EU Guidelines on Human Rights as a Foreign Policy Instrument: An Assessment

Written by | Wednesday, March 30th, 2016

Jan Wouters and Marta Hermez (Leuven Centre for Global Governance Studies)

The issue of human rights is absolutely crucial for the EU. Not only are these rights one of the Union’s fundamental values, they are also the guiding principle of its foreign policy. The general principles of the EU policy in the area of human rights consist of eleven thematic areas. These areas were adopted by the Council and include, apart from the standard points, such as the protection of women’s and children’s rights, also the promotion of freedom of expression on the Internet and beyond, as well as protection of the rights of sexual minorities.

At the national level, the Union seeks to encourage third countries to introduce changes based on these thematic areas. To that end, the primary goal is to criminalize violations of human rights and to eliminate discriminatory laws and policies. The creation of a legal framework that will ensure protection of the victims that became subject to human rights breaches is yet another important step. Such a system would allow victims to provide testimony without fear of what consequences this might bring.

The extent to which human rights are important for the EU is also demonstrated by special clauses, which are an inseparable part of various trade deals or cooperation agreements. The latter may be restricted or completely suspended due to any violation of the particular human rights clause. The EU also seeks to disseminate human rights through the cooperation with various international organizations that focus on this issue. The UN, the Council of Europe and the OSCE are among such forums. The EU, however, not only seeks to support such organizations but it also cooperates with them, shapes their agenda and uses their mechanisms to promote human rights.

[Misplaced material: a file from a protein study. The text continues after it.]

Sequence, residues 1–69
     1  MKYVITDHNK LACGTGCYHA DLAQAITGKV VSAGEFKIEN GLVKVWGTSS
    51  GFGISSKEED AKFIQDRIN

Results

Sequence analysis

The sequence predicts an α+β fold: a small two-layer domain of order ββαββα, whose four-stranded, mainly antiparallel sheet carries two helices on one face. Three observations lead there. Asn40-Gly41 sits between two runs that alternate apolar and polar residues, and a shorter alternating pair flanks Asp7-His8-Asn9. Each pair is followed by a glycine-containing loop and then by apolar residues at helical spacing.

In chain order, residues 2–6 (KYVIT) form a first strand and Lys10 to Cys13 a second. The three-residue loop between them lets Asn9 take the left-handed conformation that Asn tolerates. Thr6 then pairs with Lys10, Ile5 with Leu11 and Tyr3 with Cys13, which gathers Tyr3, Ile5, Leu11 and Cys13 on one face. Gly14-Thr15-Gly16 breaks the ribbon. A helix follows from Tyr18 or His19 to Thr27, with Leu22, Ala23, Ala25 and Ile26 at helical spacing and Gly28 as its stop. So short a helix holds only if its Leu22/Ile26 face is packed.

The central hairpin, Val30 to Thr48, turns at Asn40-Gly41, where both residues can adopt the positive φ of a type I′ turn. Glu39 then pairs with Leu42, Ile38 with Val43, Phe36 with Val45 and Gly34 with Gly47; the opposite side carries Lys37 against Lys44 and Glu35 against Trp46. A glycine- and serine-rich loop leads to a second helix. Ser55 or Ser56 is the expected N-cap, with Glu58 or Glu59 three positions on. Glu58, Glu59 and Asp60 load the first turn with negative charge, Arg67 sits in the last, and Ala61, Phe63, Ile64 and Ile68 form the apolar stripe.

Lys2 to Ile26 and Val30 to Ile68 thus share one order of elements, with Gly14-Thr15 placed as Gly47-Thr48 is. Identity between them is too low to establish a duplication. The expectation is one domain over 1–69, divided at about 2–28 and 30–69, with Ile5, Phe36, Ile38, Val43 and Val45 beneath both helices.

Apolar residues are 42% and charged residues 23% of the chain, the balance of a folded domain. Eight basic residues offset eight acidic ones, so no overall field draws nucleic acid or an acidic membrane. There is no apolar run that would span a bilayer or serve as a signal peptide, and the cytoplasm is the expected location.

The EU generally aims to promote the issue of human rights in all its external actions, from business through energy to environmental policy. These human rights principles are therefore a valuable political tool, which leads to the strengthening of the EU diplomacy. Still, these are not legally binding rules. The Union is therefore criticized for the fact that there has not been a formal and complex debate within the EU itself that would determine how and when it should resort to negative measures for non-compliance with these rules related to its human rights global agenda. For the EU, efforts to develop the full potential of this political instrument (even while a similar agenda is simultaneously pursued by individual Member States) will be an important future challenge.

 (The study can be downloaded here:

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